There are hundreds of different 3D object data formats. Some have a more accurate way of representing the 3D shape. If the data format is not accurate enough it has to be properly accommodated for 3D printing. So, it all depends on what is being done. In figure 3 another example is shown of triangulation of a 3D object that has inaccuracies to it and shows again the meshing. Some different industries that use 3D object data files is discussed in the next section.
2.3 Uses of 3D Data Formats
SolidWorks for example uses .sldprt for the part that it creates in its software. When drafting up a SolidWorks part you create a new part in the interface and start drafting it up. This is saved and worked on again in the SolidWorks interface. This can be then put into an assembly into SolidWorks, which creates an assembly of different parts created using SolidWorks. If this part needs to be transferred to the manufacturing process, then it can be exported as a different file format. If one wants to transfer a part made in SolidWorks to a CNC machine, they could export it into a neutral format such as STEP or IGES .
Importing an STL into a slicing software is easily done and well accessible. Slicers will import the STL easily. The different drafting software will export an STL really easily as well. This allows for a well universal data format that is capable of cross platform. The limitation of STL though is that it does not have color and material type embedded in the data format of the file.
A common use for 3D object files is to 3D print them into the real world. Additive manufacturing is a leading industry and having a digital 3D object to work with is important. Any kind of manufacturing having a 3D model is important. When designing an engine for example a designer drafts it up in SolidWorks to create a virtual replica of the engine being designed. The different parts of the engine can be manufactured in different ways.
The engine block might be sand casting for example, where the pistons might be machine in a lathe. Some components could be manufactured with AM depending on the material that is needed. If it is a 5 plastic part, then certainly it could be 3D printed. All of these parts need a detailed representation of what needs to be designed. So, it can go to the manufacturing process with a clear set of instructions on how to manufacture it. Using a 3D object data file parts can be translated from the engineer’s design platform to the machinist lathe.
The different data files used, have different applications throughout the design to real part streamline. Upstream design could design using a SolidWorks file while drafting it up; then export as STL to transfer to a slicing software which then will create the G-code for the 3D printer.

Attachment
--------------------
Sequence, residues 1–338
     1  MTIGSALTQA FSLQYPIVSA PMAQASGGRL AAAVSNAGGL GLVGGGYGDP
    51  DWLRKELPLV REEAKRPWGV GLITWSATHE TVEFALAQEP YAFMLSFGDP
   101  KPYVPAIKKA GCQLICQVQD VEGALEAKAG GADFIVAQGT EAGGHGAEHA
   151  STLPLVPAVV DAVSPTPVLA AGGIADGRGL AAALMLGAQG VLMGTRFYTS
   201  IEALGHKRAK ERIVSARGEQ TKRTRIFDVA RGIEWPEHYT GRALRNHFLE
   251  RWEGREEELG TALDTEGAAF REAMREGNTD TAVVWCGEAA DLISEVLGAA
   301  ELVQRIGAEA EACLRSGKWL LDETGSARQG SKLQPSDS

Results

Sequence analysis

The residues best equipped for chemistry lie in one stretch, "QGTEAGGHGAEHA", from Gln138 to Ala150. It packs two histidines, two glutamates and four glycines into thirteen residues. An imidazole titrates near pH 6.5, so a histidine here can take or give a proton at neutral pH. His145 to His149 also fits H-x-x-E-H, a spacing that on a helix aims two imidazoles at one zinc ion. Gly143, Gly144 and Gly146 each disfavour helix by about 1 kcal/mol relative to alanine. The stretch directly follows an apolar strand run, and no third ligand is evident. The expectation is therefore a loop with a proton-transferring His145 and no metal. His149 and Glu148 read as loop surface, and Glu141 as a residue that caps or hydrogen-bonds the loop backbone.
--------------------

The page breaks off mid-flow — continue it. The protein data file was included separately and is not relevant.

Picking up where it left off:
3D objects are also useful in simulation. A solid model can be created in SolidWorks and imported in to Ansys to apply finite element method (FEM) simulation on it. Ansys has a solid modelling interface, but it is more common to design the part in a different platform and import it into Ansys. The solid file in Ansys is .scdoc file. In figure 4 a solid model is shown made in Ansys that is showing the deflection from when a simulated force applied.
Another example is using AutoCAD’s file format of DXF one could create a design in AutoCAD then input this into a waterjet to create the desired part with that data format.
When 3D printing with multi-color/material then an STL file is not good enough there needs to be more data inputs. 3MF is an example of a data format that has color and material saved in its file to be able to output to a 3D printer that might need those parameters.
As the additive manufacturing technologies continue to advance there will be a greater need for printing in colors and materials mid print. This allows for more in production uses of their product can be the multi-color/material the end product needs to be. This need will create a higher demand in more detailed data formats than the standard STL. Using a file format like 3MF can create these inputs in the data format to allow for color and material in the print. A few common data formats are showcased next.
2.4 Common 3D object data formats
Here are some common 3D object data formats that are used in different industries. Some are for traditional manufacturing, for additive manufacturing and for computer graphics/gaming/VR. OBJ is another common neutral format used in AM similar to STL. Most slicers can take OBJ or STL and they are approximated and meshed in a similar way. 3MF, AMF and COLLADA are XML based formats. XML is a markup language that is very powerful in manipulating the data to create 3D objects. It is simple but powerful and can be edited easily through coding instead of a 3D modeling software which has its advantages .